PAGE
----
In the session yesterday we heard the majority of countries condemn Russia’s aggression toward Ukraine, which, among other things, has included the targeting of Ukraine’s entire agricultural infrastructure – fields, warehouses, roads, transportation networks, silos, ports.  Again and again, we heard calls from across the world represented in that room for Russia to open the Black Sea for  Ukrainian grain shipments.

There was a strong consensus, and Russia was left isolated, as it has been many times since this war began.  In fact, Foreign Minister Lavrov left the meeting early, maybe because the messages had become so resoundingly clear.  As I said yesterday, the United States strongly supports the efforts of the United Nations in partnership with Turkey to bring Ukrainian and Russian grain to world markets.  We need this initiative to move forward, and we need Russia to fully cooperate with it.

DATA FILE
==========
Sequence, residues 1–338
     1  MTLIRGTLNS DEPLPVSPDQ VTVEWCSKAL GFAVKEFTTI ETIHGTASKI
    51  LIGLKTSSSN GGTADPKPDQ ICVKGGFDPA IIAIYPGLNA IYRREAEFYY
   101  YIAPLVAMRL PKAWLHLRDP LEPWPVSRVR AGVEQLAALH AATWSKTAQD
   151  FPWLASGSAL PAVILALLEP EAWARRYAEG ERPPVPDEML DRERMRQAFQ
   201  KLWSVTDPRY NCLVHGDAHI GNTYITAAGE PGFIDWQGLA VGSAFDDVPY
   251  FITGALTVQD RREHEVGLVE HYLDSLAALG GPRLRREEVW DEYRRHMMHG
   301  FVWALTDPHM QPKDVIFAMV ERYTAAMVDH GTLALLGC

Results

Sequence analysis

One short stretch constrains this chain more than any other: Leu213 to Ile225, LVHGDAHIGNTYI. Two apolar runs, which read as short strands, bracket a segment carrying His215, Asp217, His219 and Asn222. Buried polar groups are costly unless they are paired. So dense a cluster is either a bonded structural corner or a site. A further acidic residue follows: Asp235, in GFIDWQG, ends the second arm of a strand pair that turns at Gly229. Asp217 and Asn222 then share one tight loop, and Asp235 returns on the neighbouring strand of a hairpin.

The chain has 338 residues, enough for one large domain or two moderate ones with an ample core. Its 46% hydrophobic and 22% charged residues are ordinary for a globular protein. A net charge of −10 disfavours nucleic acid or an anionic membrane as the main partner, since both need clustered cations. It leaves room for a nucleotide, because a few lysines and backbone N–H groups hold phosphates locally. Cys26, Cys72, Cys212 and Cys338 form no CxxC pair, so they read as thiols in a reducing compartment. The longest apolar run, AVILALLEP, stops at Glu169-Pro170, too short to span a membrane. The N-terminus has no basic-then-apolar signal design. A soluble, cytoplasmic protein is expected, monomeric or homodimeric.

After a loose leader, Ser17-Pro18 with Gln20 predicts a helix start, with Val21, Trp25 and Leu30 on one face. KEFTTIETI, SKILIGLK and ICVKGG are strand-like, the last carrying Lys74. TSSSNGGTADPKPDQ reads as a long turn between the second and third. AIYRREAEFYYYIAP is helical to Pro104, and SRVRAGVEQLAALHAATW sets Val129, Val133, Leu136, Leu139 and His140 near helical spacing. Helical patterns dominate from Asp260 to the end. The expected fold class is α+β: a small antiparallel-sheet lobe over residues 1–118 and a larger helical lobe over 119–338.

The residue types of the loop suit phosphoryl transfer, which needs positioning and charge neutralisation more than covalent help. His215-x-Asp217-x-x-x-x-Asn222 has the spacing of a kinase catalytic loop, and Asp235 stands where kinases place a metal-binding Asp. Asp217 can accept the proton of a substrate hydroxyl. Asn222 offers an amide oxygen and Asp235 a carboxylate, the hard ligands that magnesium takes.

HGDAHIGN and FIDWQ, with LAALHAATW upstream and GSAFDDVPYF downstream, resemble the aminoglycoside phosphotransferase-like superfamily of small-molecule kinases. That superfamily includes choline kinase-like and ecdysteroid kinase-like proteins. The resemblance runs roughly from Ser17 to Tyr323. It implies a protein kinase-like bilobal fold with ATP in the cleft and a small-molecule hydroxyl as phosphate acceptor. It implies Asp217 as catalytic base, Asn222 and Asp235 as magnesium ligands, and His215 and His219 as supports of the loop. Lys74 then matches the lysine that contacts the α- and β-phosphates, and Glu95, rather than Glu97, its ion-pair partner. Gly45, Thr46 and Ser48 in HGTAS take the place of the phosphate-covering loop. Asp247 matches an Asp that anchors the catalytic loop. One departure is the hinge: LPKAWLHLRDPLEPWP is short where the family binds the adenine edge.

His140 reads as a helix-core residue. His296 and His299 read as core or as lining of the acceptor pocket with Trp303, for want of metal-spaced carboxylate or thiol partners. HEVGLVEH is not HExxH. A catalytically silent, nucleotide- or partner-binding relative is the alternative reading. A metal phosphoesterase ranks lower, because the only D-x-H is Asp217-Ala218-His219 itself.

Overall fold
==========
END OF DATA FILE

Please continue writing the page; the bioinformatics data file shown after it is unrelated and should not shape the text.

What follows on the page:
We’re also counting on other countries to do their part.  At the United Nations about six weeks ago, the United States issued a Call to Action to step up to the food insecurity challenge.  To date, 98 countries have signed on to the roadmap that we’ve put forward to address both near-term humanitarian needs and also building longer-term resilience.  To date, the United States itself has contributed nearly $2.8 billion in emergency food assistance to Africa, the Middle East, Latin America, the Caribbean.

And then at the G7 summit just two weeks ago, President Biden announced another $2.76 billion to strengthen global food security.  This included longer-term investments to support agriculture production and resilience, and we look to other leading economies to step up as well.

We’ll continue to provide humanitarian assistance to the Ukrainian people.  Today, I can announce the United States will provide nearly $368 million in additional support, including food, safe drinking water, cash assistance, emergency health care, shelter, as well as support to coordination among humanitarian organizations that are doing so much of this critical work on the ground.